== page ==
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Last Updated : May 14, 2018 04:09 PM IST | Source:

FY19 to be good for IPOs, but strong listing gains not a certainty: HDFC Bank

What one has to keep in mind when it comes to IPOs are the valuations at which they take place.

Uttaresh Venkateshwaran @UttareshV

Initial public offerings (IPOs) proved to be extremely popular among unlisted members of India Inc in FY18, and experts believe this trend is here to stay. And what's more, they expect deals to only get larger from here on.

For those of you who missed it, 45 companies raised over Rs 84,000 crore through IPOs in the fiscal year gone by. Investors have found IPOs to be the easiest means to making a quick buck, a belief that has played a significant role in propelling newly-listed stocks in the their first few days after listing.

But what one has to keep in mind when it comes to IPOs are the valuations at which they take place. Plentiful liquidity resulted in strong listing gains last year, and it was not unheard of for an investor to take home 50 percent or more on some occasions.

However, Rakesh Singh of HDFC Bank believes that this should certainly not be the assumption in FY19, given the lackluster show witnessed in some of the more recent IPOs.

"Markets have become more discerning and therefore pricing will have to be reasonable given the rise in volatility. Also one should weigh in the fact that investors have become selective on midcaps," Singh, who is Group Head - Investment Banking, Private Banking, Capital Markets and Financial Institutions at HDFC Bank, told Moneycontrol’s Uttaresh Venkateshwaran.

Among the sectors that seem likely to hit the market, Singh expects companies in the financial services, infrastructure and consumer products segments, with strong growth and earnings, to be in focus.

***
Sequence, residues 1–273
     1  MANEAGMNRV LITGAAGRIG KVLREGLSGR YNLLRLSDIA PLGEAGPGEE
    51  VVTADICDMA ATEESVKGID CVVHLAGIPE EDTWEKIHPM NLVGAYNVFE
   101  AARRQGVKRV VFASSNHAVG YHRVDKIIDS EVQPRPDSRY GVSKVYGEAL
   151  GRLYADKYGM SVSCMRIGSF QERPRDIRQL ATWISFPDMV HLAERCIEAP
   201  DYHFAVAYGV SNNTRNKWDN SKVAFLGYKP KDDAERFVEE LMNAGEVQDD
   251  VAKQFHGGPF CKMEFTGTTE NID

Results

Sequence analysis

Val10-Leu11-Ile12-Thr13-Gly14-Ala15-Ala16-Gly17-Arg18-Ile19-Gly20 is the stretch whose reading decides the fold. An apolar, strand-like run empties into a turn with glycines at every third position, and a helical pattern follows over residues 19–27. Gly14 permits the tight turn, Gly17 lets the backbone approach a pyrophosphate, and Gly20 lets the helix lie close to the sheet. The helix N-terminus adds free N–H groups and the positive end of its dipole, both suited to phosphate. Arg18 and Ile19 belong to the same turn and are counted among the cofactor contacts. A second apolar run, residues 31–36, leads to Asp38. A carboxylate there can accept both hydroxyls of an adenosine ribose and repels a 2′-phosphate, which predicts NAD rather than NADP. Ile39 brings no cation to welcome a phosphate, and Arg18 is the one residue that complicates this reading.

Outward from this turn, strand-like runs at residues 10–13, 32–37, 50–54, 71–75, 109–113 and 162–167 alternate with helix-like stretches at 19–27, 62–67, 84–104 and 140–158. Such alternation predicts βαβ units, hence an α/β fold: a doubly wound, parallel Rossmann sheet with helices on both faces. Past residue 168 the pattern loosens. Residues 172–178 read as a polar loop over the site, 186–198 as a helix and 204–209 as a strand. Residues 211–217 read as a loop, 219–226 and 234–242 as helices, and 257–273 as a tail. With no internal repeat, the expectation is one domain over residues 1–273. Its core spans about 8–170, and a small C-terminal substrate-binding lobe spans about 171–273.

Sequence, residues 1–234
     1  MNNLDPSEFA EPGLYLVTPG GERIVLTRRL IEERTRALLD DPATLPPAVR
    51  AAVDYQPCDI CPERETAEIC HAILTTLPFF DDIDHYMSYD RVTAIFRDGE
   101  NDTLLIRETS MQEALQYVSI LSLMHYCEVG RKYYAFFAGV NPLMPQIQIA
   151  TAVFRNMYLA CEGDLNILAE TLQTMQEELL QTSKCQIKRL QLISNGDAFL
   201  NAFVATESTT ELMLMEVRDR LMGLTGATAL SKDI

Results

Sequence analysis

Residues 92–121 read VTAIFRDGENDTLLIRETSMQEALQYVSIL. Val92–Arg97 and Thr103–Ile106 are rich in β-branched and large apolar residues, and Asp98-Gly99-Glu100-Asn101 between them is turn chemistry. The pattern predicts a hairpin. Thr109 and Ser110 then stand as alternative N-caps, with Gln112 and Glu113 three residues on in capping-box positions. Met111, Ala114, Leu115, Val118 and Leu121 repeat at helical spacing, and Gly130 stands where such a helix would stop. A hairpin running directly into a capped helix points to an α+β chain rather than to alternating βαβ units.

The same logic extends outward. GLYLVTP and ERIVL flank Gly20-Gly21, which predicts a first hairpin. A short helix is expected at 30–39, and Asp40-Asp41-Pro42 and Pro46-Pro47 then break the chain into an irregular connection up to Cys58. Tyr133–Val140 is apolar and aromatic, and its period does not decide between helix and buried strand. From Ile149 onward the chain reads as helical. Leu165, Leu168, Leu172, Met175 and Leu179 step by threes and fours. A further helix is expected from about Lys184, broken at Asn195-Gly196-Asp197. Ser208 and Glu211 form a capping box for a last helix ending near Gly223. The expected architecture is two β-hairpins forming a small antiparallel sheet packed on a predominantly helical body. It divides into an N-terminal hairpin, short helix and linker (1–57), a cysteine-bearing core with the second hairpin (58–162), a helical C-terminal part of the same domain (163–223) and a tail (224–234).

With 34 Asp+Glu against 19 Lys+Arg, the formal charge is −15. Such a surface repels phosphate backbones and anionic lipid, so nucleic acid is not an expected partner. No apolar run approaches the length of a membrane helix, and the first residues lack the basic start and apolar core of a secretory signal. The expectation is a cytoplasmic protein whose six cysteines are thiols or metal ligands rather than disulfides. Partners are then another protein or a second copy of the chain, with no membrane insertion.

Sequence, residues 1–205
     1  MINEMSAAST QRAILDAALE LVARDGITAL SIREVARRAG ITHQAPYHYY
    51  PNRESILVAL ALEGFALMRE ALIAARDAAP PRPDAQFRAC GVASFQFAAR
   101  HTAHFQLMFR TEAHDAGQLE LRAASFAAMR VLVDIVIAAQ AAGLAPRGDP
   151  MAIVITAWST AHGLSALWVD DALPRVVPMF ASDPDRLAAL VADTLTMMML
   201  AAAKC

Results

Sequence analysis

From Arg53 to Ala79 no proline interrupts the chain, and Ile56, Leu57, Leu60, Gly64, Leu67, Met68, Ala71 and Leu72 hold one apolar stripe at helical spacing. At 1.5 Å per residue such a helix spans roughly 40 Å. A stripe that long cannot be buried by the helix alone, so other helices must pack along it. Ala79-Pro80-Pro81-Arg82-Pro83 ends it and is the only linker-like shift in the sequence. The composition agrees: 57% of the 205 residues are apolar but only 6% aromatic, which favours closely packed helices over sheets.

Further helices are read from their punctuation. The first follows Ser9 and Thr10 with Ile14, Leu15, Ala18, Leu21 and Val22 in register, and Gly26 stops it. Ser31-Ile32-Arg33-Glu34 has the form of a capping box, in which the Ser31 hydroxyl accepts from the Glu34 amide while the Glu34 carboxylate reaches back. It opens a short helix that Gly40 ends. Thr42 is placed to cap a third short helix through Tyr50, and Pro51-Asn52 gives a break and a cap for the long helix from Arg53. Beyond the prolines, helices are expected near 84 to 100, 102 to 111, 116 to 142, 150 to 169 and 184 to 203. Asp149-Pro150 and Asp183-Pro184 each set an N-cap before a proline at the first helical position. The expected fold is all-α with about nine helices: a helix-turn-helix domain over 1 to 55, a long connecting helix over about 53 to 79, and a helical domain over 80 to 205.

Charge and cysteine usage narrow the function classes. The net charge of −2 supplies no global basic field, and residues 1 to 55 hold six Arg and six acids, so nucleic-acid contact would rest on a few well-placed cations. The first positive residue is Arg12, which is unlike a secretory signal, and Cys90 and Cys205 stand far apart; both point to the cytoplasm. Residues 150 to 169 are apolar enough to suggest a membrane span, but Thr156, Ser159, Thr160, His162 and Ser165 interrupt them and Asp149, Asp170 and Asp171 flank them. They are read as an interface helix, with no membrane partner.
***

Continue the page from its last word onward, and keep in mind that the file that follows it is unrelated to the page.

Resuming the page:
Edited excerpts...

Q: FY19 saw companies, including SMEs, raise a record Rs 84,000 crore through IPOs. Do you expect FY19 to pan out similarly or will IPOs do even better?

A: The market is seeing a lot more volatility in FY19 and we believe that windows for deals will get shorter as compared to FY18. However, going by the response in FY18, we expect deal sizes to get larger. Inflows of domestic capital remains strong, so opportunities for IPO fund raising will continue.

System deleveraging will continue at attractive valuations and acquirers of assets will raise capital for asset purchases. We believe that we should see another strong year for IPOs.

Q: How do you expect the overall valuation of IPOs to be like? Experts have raised concerns on the pricing of some of the issues we saw last year…

A: The euphoria around valuations from last year seems to be behind us especially around listing gains. Easy liquidity fuelled strong listing gains and this should no longer be the default assumption especially after the tepid performance in some recent IPOs.

Markets have become more discerning and therefore pricing will have to be reasonable given the rise in volatility. Also one should weigh in the fact that investors have become selective on mid-caps.

Q: How should investors, both retail and non-retail, place themselves in a market like this? What should investors consider before parking their funds?

A: Patience is the key in a market fraught with rising volatility, global and domestic challenges. Retail investors should continue to hold SIPs. Large caps continue to build and gain market share. For investors, we would recommend taking some risk off the table and add large caps to the portfolio.